In order to be exempt from having to pay overtime, the employee needs to be “exempt.”

To qualify for an exemption from overtime, employees need to perform certain job duties.

However, just because you pay an employee on a salary basis does not mean that the employee is not entitled to overtime.

If they do not, then it does not matter how much you pay them or whether they are paid a salary; they will still be entitled to overtime.

A Fair Labor Standards Act RefresherBruce E. Loren, Esq. and Cristina E. Groschel, Esq. | Mar 15 2018

While this is a topic that we have discussed in the past, it bears repeating. Just because you pay your employee a salary does not mean the employee is “exempt,” and a mistake in classification could prove costly.

Whenever clients call us with wage questions, one of the first questions we usually ask is: “Is the employee exempt or non-exempt?” “Salaried” is not an answer to that question. Most of the cases we have defended relating to wage and hour claims are not cases where everyone agrees that the employee is entitled to overtime but the employer inadvertently (or intentionally) does not to pay it. Rather, they tend to be cases where the employee is paid on a salary and, therefore, the employer believes that it does not have to pay overtime. However, just because you pay an employee on a salary basis does not mean that the employee is not entitled to overtime.

In order to be exempt from having to pay overtime, the employee needs to be “exempt.” When trying to figure out if an employee is exempt, paying him/her on a salary is often just one part of the analysis. The other part of the analysis—which is usually the central issue involved in this type of litigation—is the job duties of the employee. To qualify for an exemption from overtime, employees need to perform certain job duties. If they do not, then it does not matter how much you pay them or whether they are paid a salary; they will still be entitled to overtime.

This area of the law can be very strict and the financial penalties can be severe. Even more, however, the financial penalties can extend to individuals, not just the company.

Many business owners are familiar with the concept of the corporate structure. Some may have even painstakingly analyzed how they should structure their company (whether as a corporation, limited liability company, etc.). Most are aware that the corporate structure often serves as a shield from individual liability. Overtime cases are different in this respect too.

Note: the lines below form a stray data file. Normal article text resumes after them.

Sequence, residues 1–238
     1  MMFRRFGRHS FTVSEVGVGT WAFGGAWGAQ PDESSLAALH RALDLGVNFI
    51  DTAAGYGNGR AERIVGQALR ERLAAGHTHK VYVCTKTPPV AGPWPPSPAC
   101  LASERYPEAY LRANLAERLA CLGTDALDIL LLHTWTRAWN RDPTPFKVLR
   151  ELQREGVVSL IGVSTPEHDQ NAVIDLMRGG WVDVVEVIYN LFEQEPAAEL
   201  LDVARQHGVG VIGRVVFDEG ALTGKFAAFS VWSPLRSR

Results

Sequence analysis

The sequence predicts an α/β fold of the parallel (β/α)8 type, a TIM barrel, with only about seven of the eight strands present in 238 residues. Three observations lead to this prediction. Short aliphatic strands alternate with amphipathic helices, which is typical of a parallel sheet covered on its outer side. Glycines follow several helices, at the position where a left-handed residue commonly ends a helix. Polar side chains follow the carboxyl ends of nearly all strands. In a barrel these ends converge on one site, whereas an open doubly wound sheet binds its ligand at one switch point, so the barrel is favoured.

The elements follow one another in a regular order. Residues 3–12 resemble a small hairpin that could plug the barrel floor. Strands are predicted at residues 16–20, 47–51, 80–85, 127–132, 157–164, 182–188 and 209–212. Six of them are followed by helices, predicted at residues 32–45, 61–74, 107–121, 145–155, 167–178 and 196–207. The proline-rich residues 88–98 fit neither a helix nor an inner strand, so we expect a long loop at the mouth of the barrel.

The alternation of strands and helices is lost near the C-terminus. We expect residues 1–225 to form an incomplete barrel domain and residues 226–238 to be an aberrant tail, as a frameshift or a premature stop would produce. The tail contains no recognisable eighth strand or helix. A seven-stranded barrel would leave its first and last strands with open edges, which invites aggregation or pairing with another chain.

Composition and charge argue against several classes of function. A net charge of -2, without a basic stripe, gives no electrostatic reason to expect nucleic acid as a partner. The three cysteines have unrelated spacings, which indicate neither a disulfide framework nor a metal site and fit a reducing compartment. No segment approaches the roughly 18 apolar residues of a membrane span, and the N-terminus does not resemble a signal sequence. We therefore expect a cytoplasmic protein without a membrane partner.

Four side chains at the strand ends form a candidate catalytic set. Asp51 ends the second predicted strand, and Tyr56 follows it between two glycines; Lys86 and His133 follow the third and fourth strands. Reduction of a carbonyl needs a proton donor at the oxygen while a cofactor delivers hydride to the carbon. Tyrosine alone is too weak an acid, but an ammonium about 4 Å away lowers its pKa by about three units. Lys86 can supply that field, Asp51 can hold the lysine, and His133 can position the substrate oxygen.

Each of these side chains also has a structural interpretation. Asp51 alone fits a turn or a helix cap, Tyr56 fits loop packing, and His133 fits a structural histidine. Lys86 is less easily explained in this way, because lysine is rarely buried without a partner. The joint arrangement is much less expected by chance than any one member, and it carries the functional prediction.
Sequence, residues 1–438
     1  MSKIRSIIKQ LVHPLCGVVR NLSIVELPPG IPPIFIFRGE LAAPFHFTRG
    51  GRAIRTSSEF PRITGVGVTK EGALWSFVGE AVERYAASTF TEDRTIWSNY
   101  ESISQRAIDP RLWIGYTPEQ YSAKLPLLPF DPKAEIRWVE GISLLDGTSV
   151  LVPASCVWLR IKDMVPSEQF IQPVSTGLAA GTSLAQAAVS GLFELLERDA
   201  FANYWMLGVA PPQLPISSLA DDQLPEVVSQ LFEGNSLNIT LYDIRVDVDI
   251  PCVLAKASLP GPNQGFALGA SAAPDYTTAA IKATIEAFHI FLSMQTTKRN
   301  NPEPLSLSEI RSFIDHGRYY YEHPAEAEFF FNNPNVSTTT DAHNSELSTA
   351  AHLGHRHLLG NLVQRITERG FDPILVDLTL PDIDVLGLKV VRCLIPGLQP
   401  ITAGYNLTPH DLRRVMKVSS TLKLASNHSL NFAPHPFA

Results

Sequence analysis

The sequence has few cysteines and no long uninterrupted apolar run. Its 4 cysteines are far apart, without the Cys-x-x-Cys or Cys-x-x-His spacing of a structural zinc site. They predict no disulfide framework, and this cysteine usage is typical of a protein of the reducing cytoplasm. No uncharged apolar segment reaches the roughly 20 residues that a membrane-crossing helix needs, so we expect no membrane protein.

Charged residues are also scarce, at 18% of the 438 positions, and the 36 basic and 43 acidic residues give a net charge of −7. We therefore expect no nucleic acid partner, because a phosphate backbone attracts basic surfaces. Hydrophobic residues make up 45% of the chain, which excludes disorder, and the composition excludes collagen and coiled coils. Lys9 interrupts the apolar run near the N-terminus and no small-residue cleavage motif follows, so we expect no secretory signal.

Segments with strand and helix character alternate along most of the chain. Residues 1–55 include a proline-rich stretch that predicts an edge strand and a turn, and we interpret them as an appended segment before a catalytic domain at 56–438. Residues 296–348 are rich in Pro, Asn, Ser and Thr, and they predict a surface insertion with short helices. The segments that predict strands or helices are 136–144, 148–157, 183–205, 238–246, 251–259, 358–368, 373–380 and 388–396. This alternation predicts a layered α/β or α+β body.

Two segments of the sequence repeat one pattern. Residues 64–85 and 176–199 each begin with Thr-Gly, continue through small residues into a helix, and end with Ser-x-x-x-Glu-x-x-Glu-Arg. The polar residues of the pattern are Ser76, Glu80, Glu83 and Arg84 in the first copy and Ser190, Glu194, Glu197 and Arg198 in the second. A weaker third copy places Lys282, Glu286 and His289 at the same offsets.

Under the FLSA, an individual can be personally liable for damages. This is true even though the employee was hired and paid by the company, and even though the violation was not committed in bad faith. While overtime cases are brought against the employer, the FLSA defines “employer” broadly and “includes any person acting directly or indirectly in the interest of an employer in relation to an employee . . . .” This means that an “employer” can be any individual who is involved with day-to-day operations or who has direct responsibility for the supervision of the employee. That person will not always be the highest ranking individual within the organization, nor will it always be just one person. We have defended cases that have been brought against companies and several individuals, all of whom were individually alleged to be “employers” under the FLSA.

Under the FLSA, employees can recover unpaid overtime wages, “liquidated damages” equal to the amount of unpaid overtime wages, and attorneys’ fees and costs. Other employees will likely also find out about the lawsuit and, if they are in a similar situation, may decide that they also have a claim against you.

Litigation involving the FLSA undoubtedly favors the employee. The risk of double damages, attorneys’ fees, and individual liability is often enough to encourage most employers to unwillingly settle the cases—even when they do not believe they owe any wages. The best defense against these claims is to prevent them from ever occurring. At the very least, your human resource and payroll professionals should be trained in understanding and applying exemptions, and you should evaluate seeking legal advice for the positions that you have classified as exempt to ensure that they meet the requirements for an exemption. An FLSA lawsuit could be financially devastating for both you and your company, and the up-front investment in avoiding one is surely worth it.


Cristina E. Groschel and Bruce E. Loren of Loren & Kean Law are based in Palm Beach Gardens and Ft. Lauderdale. Loren & Kean Law is a boutique law firm concentrating in construction law and employment law. Ms. Groschel focuses her practice on labor and employment law, representing the interests of employers and business owners, and is certified as a Professional in Human Resources (PHR). She has represented businesses in a wide range of disputes, including DOL investigations, discrimination claims, and state and federal wage litigation. Ms. Groschel and Mr. Loren can be reached at cgroschel@lorenkeanlaw.com or bloren@lorenkeanlaw.com or 561-615-5701.